Helsinki: My First Solo Trip
There was a time when I did not travel the world the way I do now – on a solo trip, planned independently and on a lean budget.
My adolescence did not involve hopping from one country to another, long stints as an exchange student or anything that set me apart from other kids in Singapore. Travel meant occasional family trips to Australia and one-off school visits to China and Thailand.
All of them were organised by the adults or guides who were paid to make the arrangements, and the people at our destinations spoke or wanted to practise languages that I understood. I never read up on the places beforehand or felt the need to do so.
That changed in 2006, and this is how the travel bug bit me.
Pre-solo trip history
I was 19 and in a relationship with a fellow rally racing fan from Estonia, and after a year of reading, learning and talking about her part of the world, I wanted to meet her there. The idea faced resistance (and that’s an understatement) from my parents, though, when I first raised it. After all, I’d never been anywhere without them or someone they trusted.
Instead, I saved up, bought a ticket for one to Helsinki, Finland (I paid for it in cash!) and planned the solo trip without their knowledge.
All this was new to me, of course. No familiar faces would meet me at my destination, English was not the first language, and I had to avoid getting lost in a country nearly 500 times the size of Singapore. Nonetheless, challenge accepted.
At least the Finns seemed harmless if the racing drivers I had seen on TV were reliable markers.
As the newcomer to the region (and to minimise the distractions from her coursework), I did most of the planning, and I relied on borrowed guide books and TripAdvisor reviews. With every tip and photograph the wander, ust grew, and it was very satisfying to see the itinerary of our solo trip take shape.
I let my parents in on my plans only when it was too late to change anything.
Going it alone
The upshot of flying on Christmas eve was getting an entire row to stretch out on, so the flight was actually comfortable even in economy class. Feeling reasonably fresh, I tested the air outside the airport. It was the mildest December on record, but it was still frigid for someone who had just arrived from the tropics.
Getting to Helsinki in 2018: My Finnair A350 flight experience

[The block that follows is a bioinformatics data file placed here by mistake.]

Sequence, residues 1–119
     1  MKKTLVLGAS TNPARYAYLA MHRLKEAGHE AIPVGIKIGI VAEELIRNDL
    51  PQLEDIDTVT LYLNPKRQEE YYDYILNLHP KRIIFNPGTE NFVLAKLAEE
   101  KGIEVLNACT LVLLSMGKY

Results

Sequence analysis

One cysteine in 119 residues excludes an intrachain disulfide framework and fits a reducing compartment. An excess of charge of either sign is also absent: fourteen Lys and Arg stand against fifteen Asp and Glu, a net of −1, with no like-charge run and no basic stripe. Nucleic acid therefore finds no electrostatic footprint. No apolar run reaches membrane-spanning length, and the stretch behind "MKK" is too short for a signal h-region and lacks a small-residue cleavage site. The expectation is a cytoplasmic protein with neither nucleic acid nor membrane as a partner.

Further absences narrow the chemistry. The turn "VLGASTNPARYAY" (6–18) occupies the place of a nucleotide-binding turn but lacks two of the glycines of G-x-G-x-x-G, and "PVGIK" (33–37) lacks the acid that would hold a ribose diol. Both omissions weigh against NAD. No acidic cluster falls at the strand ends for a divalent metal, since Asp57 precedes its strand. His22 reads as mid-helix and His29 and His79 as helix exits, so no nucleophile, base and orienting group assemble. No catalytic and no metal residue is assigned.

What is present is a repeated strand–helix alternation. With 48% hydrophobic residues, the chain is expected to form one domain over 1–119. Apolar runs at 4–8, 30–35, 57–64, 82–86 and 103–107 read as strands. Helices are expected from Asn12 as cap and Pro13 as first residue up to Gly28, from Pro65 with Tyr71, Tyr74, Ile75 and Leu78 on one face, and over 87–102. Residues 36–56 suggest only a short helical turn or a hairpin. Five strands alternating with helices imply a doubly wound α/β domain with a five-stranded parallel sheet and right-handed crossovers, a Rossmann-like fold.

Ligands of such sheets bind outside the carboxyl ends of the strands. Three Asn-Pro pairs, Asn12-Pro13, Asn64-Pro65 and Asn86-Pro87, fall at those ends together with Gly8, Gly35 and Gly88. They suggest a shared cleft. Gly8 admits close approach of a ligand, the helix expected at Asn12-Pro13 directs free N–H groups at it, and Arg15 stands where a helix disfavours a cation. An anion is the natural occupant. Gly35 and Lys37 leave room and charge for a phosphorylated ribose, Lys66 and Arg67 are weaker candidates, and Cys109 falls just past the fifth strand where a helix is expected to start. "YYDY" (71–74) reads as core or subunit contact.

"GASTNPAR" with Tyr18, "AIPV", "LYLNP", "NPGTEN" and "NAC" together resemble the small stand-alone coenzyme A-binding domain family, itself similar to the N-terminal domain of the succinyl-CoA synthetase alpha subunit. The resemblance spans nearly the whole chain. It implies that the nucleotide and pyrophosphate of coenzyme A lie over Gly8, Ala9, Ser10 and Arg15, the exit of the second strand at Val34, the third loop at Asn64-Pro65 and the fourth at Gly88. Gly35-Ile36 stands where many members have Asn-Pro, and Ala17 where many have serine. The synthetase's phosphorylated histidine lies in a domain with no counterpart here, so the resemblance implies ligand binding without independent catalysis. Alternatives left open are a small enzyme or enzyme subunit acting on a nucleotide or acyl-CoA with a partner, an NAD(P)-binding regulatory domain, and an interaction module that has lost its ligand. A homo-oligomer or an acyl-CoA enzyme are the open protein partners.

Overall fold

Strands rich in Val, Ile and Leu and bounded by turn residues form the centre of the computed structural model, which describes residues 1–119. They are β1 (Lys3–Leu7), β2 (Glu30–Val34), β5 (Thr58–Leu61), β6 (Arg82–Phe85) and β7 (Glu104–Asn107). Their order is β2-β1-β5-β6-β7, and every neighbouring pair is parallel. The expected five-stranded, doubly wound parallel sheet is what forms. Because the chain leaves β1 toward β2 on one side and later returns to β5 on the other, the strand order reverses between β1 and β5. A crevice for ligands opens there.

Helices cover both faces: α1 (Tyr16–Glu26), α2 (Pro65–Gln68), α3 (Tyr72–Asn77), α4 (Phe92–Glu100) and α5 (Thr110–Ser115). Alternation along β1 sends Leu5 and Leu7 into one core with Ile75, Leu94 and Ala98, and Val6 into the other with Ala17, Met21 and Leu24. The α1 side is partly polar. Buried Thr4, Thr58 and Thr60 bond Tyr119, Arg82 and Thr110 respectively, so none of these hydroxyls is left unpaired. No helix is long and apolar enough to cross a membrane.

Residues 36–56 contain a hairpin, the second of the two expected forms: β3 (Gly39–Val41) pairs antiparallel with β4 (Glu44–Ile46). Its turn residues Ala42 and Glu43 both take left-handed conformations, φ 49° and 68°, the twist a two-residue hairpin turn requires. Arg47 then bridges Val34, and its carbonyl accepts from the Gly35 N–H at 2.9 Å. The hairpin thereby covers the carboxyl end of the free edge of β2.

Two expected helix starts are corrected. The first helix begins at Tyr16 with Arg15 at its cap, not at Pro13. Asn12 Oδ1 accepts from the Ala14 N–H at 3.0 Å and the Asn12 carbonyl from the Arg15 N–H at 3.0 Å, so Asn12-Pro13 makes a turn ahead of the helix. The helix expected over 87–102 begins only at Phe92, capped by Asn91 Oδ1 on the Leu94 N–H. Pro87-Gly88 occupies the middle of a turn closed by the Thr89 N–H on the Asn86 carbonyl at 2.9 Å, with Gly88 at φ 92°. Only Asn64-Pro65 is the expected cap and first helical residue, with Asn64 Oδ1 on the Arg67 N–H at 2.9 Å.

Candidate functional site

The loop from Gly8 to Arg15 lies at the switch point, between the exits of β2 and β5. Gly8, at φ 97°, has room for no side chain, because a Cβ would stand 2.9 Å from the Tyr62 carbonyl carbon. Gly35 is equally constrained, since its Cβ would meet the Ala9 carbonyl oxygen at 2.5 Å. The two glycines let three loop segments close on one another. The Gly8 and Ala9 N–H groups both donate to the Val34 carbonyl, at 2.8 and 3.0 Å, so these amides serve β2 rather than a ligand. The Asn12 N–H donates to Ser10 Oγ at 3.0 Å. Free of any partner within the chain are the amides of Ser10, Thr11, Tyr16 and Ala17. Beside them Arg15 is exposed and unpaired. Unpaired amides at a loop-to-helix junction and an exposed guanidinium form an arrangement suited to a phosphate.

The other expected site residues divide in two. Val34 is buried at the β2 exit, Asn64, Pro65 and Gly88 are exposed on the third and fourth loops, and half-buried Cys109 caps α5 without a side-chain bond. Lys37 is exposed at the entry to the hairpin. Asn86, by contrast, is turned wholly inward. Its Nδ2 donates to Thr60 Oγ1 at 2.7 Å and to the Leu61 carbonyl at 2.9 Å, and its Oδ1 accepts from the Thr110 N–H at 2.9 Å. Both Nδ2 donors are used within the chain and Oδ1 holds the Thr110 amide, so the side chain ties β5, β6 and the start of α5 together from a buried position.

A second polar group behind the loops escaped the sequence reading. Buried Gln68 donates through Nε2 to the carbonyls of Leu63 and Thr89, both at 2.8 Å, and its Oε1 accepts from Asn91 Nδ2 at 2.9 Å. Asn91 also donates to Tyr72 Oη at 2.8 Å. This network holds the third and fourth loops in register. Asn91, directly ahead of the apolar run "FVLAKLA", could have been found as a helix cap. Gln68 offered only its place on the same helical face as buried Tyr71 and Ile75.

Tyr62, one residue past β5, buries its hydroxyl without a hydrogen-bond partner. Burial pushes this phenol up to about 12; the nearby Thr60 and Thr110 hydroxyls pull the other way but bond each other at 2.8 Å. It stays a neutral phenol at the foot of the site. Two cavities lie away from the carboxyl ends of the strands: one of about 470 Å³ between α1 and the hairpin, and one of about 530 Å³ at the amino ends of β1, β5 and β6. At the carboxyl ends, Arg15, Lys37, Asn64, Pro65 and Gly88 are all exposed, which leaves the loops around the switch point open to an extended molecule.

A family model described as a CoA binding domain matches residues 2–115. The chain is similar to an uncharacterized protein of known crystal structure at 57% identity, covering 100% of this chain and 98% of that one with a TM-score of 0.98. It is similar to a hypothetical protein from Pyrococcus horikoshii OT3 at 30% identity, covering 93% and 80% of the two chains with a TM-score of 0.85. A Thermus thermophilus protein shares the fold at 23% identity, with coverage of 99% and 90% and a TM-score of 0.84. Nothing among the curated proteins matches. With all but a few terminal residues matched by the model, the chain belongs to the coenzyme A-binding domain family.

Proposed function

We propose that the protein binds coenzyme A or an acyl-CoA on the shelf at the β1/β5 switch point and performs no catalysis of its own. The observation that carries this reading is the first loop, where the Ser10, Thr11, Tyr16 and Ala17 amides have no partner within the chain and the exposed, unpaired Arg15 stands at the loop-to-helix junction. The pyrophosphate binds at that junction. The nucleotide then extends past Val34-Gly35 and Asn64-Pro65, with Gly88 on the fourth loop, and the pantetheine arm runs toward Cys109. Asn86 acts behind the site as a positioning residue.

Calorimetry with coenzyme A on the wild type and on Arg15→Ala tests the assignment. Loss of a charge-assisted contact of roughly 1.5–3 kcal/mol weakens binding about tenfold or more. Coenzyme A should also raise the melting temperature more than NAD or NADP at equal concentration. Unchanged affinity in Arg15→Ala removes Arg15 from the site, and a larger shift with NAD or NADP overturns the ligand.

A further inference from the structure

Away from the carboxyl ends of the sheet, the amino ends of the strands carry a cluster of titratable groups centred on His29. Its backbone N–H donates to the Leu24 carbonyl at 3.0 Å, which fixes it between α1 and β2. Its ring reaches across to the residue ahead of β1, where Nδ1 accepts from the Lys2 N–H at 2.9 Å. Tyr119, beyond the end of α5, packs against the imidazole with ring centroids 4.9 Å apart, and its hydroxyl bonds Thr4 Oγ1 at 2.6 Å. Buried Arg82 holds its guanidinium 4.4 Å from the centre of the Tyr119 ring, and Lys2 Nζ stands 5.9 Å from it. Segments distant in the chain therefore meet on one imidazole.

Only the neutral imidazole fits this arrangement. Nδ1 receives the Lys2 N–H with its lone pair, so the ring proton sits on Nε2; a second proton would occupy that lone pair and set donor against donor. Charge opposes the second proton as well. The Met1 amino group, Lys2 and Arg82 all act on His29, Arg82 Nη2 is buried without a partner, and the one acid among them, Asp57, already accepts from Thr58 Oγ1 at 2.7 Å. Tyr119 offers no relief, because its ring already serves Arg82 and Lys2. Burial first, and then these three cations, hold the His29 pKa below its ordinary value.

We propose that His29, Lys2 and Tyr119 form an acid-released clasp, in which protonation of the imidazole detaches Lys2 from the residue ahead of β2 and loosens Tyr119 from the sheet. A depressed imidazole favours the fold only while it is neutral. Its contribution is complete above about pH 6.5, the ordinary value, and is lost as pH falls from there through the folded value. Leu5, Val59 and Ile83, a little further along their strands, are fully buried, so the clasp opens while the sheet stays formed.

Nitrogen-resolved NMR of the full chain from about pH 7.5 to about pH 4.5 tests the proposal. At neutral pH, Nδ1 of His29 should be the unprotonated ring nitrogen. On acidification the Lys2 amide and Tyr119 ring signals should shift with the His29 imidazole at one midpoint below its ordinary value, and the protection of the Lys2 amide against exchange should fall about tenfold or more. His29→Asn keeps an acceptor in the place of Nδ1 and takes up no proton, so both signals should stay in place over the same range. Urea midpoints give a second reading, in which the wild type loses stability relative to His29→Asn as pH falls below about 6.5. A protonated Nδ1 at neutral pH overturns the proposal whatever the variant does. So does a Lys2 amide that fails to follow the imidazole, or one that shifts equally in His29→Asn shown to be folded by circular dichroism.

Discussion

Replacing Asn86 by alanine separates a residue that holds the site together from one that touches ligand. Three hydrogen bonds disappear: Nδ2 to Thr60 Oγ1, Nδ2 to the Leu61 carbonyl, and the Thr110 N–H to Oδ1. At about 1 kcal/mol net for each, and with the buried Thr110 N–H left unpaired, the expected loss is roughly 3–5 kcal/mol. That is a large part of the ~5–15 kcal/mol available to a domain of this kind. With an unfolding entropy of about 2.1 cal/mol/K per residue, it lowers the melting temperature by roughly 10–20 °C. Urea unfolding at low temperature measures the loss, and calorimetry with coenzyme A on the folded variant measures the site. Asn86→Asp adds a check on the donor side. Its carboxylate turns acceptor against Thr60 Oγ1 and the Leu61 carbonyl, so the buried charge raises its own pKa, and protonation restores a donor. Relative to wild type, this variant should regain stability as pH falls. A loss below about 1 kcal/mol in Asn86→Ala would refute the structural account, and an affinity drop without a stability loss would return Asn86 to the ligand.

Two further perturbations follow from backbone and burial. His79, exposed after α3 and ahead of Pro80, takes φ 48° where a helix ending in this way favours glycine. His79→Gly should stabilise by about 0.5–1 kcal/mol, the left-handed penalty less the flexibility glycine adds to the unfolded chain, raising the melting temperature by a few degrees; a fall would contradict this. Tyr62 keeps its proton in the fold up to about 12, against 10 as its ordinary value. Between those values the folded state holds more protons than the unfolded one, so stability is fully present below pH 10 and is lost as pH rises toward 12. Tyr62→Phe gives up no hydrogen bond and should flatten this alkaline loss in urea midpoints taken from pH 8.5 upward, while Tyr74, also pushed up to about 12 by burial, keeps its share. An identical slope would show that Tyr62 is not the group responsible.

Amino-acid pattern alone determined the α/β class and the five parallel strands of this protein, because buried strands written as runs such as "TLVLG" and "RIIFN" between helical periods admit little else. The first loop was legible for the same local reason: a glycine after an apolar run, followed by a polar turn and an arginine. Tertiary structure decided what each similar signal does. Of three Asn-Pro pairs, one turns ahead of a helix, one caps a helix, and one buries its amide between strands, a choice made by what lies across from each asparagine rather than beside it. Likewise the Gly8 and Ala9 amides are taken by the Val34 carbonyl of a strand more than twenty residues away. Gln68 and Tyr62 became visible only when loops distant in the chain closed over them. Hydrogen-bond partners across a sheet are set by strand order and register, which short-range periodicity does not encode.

The realisation that I was finally in Europe only sank in when I arrived at the railway station square and looked around. 19th-Century architecture, Scandinavian modern designs and a tongue that I’d previously heard only in televised interviews surrounded me. The landmarks that were mentioned in guidebooks were even better looking in three dimensions. I held Euro coins in my hand, stood on cobblestones and watched my breath freeze mid-air.
This place felt unreal and being alone heightened that impression
Finding the Eurohostel was easy, as the tram stops had maps and arrival time indicators, features that had yet to appear back home. At that moment it seemed like I had teleported to the near future.
After the easiest first-ever check-in I could have asked for, I took a walk around the city while I waited for a text message from my other half to meet her. It was mid-afternoon and the winter sun was already setting over the harbour. Such gradual light changes are non-existent near the equator. I was also treated to the rare daytime sight of an empty kauppatori (market square).
Little details stood out and amazed me: One had to wait for the lift doors to close as there were only buttons to open them; departmental store staff had the languages they spoke indicated by flags on their name tags. It seems laughable to people who grew up with these things, but I’d never thought about these possibilities or noticed them in the past when other things had my attention.
And then there was the food
I didn’t go to Europe to eat Asian food and it’s still a rule I abide by to this day. Train stations are hardly bastions of culinary refinement, but I had few options on Christmas Day. I still enjoyed the lohikeitto (salmon stew) at the cafeteria, even though the taste of dill was new to me.
The text arrived and it was time to go, but finding the bus to get to the ferry terminal proved a little tricky. I had the first of my ‘oops’ travel moments when I tried to board one that had just reached the end of its route, and I recognised my mistake only from the driver’s tone. No harm done there, though, as I realised we probably wouldn’t meet again. I laughed it off and forgave myself, something which I struggled to do at times.
I made it in the end though, after walking around and taking the right bus, and boy and girl were happily united.
While the relationship ended some time after the trip, the passion for travel that it inspired stuck. It was empowering to be able to manage my life and my experiences for a week without parental intervention. I relive that feeling whenever I research and plan a trip. From then on, I started pushing what I once thought were the limits of my capabilities. I visited developing countries, going places completely on my own, staying with Couchsurfers and working abroad.
The experiences have shaped my values, beliefs, attitudes and practices, beginning with that first solo trip. I have my motorsport-loving friends and my reluctant family to thank for that.